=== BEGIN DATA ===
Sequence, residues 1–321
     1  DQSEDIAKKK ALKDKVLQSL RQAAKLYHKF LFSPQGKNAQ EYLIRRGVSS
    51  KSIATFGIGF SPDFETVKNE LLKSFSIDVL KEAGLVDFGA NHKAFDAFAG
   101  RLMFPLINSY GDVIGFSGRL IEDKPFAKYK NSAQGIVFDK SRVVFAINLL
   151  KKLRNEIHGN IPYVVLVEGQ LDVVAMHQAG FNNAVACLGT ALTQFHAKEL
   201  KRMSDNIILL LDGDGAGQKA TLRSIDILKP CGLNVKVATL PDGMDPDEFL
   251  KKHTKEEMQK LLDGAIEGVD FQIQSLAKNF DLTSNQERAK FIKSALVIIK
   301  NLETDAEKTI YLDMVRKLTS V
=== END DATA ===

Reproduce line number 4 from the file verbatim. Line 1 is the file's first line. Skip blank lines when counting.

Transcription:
   101  RLMFPLINSY GDVIGFSGRL IEDKPFAKYK NSAQGIVFDK SRVVFAINLL